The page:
The Rats in the Walls is a short story by American author H. P. Lovecraft. Written in August–September 1923, it was first published in Weird Tales, March 1924.
Set in 1923, "The Rats in the Walls" is narrated by the scion of the de la Poer family, who has moved from Massachusetts to his ancestral estate in England, known as Exham Priory, which had fallen into ruins. Much to the dismay of nearby residents, he restores the Priory while plainly showing ignorance of the horrific history of the place. After moving in, on several occasions, the protagonist and his cats, specifically his favorite cat, hear the eponymous rats scurrying behind the walls.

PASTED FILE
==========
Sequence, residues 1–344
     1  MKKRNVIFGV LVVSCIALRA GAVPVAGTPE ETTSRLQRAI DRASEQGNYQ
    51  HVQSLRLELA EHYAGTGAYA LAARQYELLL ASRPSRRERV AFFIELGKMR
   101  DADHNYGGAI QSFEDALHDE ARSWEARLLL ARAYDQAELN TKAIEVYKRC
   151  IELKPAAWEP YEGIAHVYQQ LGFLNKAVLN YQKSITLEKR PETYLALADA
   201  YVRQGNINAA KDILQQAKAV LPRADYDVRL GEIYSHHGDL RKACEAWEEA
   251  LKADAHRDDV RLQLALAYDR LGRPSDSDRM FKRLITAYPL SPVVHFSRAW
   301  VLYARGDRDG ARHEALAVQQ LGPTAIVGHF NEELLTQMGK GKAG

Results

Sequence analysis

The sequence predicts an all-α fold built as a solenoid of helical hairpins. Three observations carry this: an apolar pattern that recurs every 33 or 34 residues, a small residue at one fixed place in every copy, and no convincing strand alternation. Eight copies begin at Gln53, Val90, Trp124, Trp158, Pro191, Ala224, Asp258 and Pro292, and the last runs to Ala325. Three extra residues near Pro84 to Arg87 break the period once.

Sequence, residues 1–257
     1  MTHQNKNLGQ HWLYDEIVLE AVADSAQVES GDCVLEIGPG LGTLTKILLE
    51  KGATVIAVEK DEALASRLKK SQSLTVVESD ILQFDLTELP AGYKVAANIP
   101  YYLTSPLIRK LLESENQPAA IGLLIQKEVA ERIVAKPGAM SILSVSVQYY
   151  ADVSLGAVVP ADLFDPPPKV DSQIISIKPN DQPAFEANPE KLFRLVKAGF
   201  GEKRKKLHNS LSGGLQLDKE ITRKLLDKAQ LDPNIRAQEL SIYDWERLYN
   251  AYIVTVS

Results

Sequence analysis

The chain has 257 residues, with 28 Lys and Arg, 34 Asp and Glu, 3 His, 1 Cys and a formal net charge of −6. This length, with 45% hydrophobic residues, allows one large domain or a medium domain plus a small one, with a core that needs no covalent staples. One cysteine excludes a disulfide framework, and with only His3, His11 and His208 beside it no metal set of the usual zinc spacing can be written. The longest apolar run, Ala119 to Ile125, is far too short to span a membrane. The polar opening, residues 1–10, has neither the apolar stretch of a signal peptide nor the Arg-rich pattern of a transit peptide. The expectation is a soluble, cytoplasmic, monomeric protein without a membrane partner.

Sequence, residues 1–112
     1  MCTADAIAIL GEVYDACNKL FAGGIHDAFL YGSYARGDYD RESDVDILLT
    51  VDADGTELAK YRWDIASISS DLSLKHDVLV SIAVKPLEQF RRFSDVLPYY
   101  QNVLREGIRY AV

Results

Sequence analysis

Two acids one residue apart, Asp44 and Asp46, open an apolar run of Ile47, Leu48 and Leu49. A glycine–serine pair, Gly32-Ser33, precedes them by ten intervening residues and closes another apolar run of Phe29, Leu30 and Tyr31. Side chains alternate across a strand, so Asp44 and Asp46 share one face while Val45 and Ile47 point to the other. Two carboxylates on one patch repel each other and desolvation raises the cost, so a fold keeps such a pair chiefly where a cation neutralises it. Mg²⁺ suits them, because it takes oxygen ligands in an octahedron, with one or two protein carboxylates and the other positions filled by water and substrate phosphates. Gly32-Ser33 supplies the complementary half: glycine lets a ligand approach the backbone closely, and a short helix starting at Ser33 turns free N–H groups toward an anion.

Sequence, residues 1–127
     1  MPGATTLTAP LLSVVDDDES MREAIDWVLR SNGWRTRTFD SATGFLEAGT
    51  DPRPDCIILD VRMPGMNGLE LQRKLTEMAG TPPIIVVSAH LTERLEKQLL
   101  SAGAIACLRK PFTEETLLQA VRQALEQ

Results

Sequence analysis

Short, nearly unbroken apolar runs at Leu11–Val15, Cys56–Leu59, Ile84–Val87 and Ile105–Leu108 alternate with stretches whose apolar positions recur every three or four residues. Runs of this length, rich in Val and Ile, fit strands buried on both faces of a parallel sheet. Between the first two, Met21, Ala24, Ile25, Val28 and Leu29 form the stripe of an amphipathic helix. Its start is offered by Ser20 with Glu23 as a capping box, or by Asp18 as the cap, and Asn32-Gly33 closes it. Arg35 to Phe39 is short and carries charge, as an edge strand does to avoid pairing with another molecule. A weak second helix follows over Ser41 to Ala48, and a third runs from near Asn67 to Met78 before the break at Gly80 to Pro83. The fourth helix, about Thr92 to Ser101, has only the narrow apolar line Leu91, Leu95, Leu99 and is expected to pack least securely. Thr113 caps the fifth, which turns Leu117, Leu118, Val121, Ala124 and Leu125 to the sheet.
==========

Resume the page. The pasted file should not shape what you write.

Upon investigating further (and as revealed in repetitive dreams), he finds that his family had maintained an underground city for centuries; and that previous generations of his family fed on human flesh, even going so far as to raise generations of "human cattle," including some which had regressed to a quadrupedal state. In the end, the protagonist, unknowingly maddened by the revelations of his family's past and driven by the stronger force of his own heritage, attacks one of his friends in the dark of the cavernous city and begins eating him. He is subsequently subdued and locked in a mental institution. At least one other investigator, Thornton, has gone insane as well. Soon after, Exham Priory is destroyed.
The protagonist of the story maintains his innocence, proclaiming that it was "the rats, the rats in the walls," who ate the man. The rats still persist, however, as he continues to be plagued by the sounds and sights of rats in the walls of his cell.